His death was registered by his brother-in-law, Anna’s husband John Bunn of Park Street. He was buried in the churchyard at St Giles’ in Camberwell.

Daniel didn’t leave a will. His widow, Rebecca senr, appears on the 1851 census in Hyson Green, Nottingham, living with her daughter and three grandchildren: Annie Rebecca, Alice Catherine and Helen Maude.

Rebecca senr died in August 1858 in a house on Park Street in Camberwell. It’s likely she was living, or perhaps staying with her sister Anna, who lived on the same road. She was buried a Camberwell Old Cemetery, and Anna would be buried in the same plot when she died in 1866.

Thomas Potter died in 1869 at the age of fifty-three. Their youngest child, Anna Rebecca, was only five.[3]Annie Rebecca had died in 1851, hence the recycled name in honour of the two Neville girls. There was a son called Daniel Griffin Potter born in 1851, and another called Charles Neville Potter who … Continue reading Rebecca continued to live in Nottingham, where she died in 1896 aged seventy-nine.

When Rebecca’s aunt Harriet Rodway (born Harriet Griffin) died in 1907, she left her watch and chain and her silver spoons marked with an “O” to Helen Maude, who by then had married a man called William Day Oakley. Having a surname beginning with O might be what prompted Harriet to leave her O spoons to Helen. Helen was working as a matron in Castle Donnington, and I wonder if there’s a link between Helen’s occupation and the fact that Harriet and her husband had turned their own house into a convalescent home.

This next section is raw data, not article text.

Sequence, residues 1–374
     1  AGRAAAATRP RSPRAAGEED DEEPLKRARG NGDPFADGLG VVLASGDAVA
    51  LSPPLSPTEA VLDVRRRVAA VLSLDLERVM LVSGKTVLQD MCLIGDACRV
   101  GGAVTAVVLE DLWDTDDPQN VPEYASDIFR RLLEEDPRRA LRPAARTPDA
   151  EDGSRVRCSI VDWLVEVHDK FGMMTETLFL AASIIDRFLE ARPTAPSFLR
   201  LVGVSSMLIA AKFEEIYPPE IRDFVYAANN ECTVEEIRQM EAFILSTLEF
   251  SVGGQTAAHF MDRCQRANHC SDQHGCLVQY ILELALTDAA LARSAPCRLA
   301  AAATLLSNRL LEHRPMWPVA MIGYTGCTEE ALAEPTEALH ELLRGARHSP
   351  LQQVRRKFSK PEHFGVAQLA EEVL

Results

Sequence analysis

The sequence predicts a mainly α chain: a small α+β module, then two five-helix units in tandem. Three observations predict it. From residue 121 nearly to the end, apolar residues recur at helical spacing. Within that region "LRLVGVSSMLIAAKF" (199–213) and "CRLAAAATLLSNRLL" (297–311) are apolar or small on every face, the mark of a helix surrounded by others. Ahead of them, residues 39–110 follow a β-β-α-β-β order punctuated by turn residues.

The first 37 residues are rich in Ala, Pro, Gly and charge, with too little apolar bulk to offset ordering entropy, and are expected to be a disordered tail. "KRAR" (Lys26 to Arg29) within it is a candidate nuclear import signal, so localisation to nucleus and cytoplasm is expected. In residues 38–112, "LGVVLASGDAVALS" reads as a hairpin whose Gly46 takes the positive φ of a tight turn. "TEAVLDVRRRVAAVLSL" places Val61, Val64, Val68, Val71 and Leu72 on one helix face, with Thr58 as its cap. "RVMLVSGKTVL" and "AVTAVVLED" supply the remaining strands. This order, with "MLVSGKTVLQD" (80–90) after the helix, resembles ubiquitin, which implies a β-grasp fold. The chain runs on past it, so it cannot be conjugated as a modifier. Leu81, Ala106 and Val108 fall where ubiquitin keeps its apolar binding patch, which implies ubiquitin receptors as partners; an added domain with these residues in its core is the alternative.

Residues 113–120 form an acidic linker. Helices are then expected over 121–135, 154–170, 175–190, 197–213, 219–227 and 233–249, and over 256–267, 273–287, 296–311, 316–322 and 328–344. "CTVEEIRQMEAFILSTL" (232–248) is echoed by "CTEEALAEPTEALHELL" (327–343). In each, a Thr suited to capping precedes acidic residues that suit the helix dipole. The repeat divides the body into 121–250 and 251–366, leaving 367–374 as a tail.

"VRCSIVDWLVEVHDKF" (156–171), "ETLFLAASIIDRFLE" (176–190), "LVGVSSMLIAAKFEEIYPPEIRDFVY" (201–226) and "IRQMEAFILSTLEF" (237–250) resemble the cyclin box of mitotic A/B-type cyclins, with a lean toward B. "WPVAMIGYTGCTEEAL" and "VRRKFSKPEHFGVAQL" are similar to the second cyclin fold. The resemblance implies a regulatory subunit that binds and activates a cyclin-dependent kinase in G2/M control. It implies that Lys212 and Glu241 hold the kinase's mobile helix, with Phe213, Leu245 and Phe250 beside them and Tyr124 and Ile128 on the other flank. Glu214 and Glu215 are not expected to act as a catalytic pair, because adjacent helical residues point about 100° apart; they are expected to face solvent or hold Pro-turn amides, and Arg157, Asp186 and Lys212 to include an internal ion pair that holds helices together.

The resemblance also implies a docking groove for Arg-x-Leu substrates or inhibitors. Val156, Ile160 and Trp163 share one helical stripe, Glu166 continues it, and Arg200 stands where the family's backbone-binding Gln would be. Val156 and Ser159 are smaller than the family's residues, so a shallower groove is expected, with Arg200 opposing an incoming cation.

There are no doubt many stories to be told about the other children of Thomas Potter and Rebecca Griffin, but I will have to leave that for their descendants. A couple of the sons apparently vanish from the census, which might indicate that they moved overseas. If you’re reading this and you know what happened to them, please get in touch.

Love from, your distant cousin.

First published: 9th August 2020


1 The daughter of Rebecca senr’s brother William. She was named after Rebecca senr’s sister.
2 Morning Advertiser, 3 Sep 1842
3 Annie Rebecca had died in 1851, hence the recycled name in honour of the two Neville girls. There was a son called Daniel Griffin Potter born in 1851, and another called Charles Neville Potter who was born in 1859, so the Potters were making sure Rebecca’s family names lived on.